Here’s what’s blooming in town this week to make your walks more enjoyable
If anyone felt discouraged by the cold weather earlier in the week, the warming trend should be reassuring. It can’t be too much longer before we see that most beloved sign of spring, the first mosquito. Happy April first!
Despite the ups and downs of the temperatures this week, spring is sneaking up on us slowly but surely. Pussy willows (Salix discolor) are in full flower on the riverbank at the Saugus Iron Works. People are hearing spring peepers (Pseudacris crucifer) in the vernal ponds. Fish were jumping near the Iron Works dock a week ago, and Saugus’s most celebrated avian residents, the bald eagles (Haliaeetus leucocephalus) are now sitting on eggs. According to reports I have heard from our many eager eagle watchers, we have at least two eagle couples nesting nearby, and another pair are living just next door at Suntaug Lake in Lynnfield. Cool temperatures ensure the early spring flowers bloom for several weeks. Warmer weather will bring other flowers but mark the end to snowdrops and crocuses. Several plants opened before the end of March that I typically associate with April, such as the dandelions and daffodils. A general rule of thumb with daffodils is that the shorter varieties bloom earliest and taller varieties are likely to open in late April or even May. A sunny corner of my garden brought blossoms out before the weekend snow, while those on the opposite side of the house are showing buds but not yet open.
While real flamingos (Phoenicopterus spp.) are not fans of New England winters, the plastic lawn ornaments famously created by Leominster, Mass., native Don Featherstone seem to thrive here. Most garden flamingos can’t be put out in the winter because the frozen ground won’t accept their metal stakes, but now that the ground has mostly thawed we can take a few stabs at outdoor displays. Real birds of other kinds can be seen flying north, and the male goldfinches are gradually regaining their golden summer plumage as they now have some gold and some beige feathers.
One of the most divisive plants to discuss in any gathering would be the dandelion (Taraxacum officinale) – usually loved by small children and despised by lawn enthusiasts, with everyone else lining up with strong opinions one way or another. I never outgrew my delight at seeing it light up the early spring landscape. It may not be blooming in lawns quite yet, but where the pavement heats up around a crack where a seed has blown and taken root, we see some very intrepid blossoms. The little “lion’s” faces outside the old fire station were the first ones I’ve seen this year.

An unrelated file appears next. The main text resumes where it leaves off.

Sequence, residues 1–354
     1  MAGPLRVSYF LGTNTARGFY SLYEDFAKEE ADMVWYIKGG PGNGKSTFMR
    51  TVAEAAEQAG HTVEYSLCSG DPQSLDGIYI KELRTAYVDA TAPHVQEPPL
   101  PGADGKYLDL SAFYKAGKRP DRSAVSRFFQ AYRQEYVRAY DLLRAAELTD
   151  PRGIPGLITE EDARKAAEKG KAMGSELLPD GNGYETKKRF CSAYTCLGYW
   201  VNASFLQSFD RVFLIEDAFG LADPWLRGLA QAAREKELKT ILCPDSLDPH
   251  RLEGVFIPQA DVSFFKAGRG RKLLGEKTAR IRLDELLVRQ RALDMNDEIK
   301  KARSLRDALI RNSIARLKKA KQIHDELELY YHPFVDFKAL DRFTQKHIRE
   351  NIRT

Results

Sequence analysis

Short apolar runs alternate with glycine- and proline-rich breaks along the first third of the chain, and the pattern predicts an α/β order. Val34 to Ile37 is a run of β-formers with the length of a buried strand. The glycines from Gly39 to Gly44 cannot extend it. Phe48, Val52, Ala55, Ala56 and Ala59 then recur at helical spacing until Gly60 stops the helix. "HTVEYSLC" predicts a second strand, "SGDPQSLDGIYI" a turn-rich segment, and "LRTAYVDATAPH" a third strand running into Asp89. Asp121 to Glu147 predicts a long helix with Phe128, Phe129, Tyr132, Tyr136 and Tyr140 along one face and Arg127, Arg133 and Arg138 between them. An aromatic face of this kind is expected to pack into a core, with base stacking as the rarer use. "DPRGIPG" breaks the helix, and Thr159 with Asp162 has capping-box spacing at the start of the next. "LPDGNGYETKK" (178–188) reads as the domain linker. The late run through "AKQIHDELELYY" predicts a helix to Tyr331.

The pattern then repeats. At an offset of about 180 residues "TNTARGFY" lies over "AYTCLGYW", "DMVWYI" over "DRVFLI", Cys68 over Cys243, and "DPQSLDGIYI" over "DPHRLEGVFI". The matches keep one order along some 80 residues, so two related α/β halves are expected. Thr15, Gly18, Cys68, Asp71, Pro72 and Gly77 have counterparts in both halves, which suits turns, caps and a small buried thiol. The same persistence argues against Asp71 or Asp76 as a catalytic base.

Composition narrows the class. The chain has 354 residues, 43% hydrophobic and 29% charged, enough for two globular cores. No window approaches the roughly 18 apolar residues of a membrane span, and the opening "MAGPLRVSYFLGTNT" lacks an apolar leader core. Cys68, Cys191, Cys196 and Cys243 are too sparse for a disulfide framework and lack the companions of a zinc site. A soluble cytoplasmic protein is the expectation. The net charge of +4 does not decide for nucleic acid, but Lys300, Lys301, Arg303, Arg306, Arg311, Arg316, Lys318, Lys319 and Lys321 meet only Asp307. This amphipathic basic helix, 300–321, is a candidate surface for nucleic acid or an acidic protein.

Indoors there are still many plants in bloom that we have been enjoying for much of the winter. A few, like the geraniums (Pelargonium spp.), always respond to the lengthening days and produce some new flowers at this time of year. If the wind is blowing too hard to go outside and look for signs of spring, a bouquet or two indoors can help bring its own kind of warmth. This week one of the cut flowers I am enjoying is king protea, so named because the flower resembles a crown.
To some, the flower resembles a globe artichoke (Cynara cardunculus var. scolymus), and indeed its species epithet cynaroides means “resembling an artichoke.” Also called sugarbush or honeypot, king protea is the national flower of South Africa and is native to that country, which is experiencing the beginning of fall rather than of spring. It is one of the more startling flowers in a vase because of its size but also its appearance, which is considerably different from most of the wild and cultivated flowers we are used to seeing. The plant it grows on is a fire-resistant shrub with leathery foliage that also offers protection from many pests. It is pollinated not only by bees and beetles but also by Cape sugarbirds and several varieties of sunbirds that land on the large blossoms to sip its nectar.
Editor’s Note: Laura Eisener is a landscape design consultant who helps homeowners with landscape design, plant selection and placement of trees and shrubs, as well as perennials. She is a member of the Saugus Garden Club and offered to write a series of articles about “what’s blooming in town” shortly after the outbreak of the COVID-19 pandemic. She was inspired after seeing so many people taking up walking.